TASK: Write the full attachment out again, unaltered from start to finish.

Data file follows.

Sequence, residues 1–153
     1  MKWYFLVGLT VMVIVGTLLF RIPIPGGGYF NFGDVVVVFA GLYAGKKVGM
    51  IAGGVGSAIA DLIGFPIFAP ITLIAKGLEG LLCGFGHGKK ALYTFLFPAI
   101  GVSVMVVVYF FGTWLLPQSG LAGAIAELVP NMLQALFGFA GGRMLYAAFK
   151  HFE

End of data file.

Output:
Sequence, residues 1–153
     1  MKWYFLVGLT VMVIVGTLLF RIPIPGGGYF NFGDVVVVFA GLYAGKKVGM
    51  IAGGVGSAIA DLIGFPIFAP ITLIAKGLEG LLCGFGHGKK ALYTFLFPAI
   101  GVSVMVVVYF FGTWLLPQSG LAGAIAELVP NMLQALFGFA GGRMLYAAFK
   151  HFE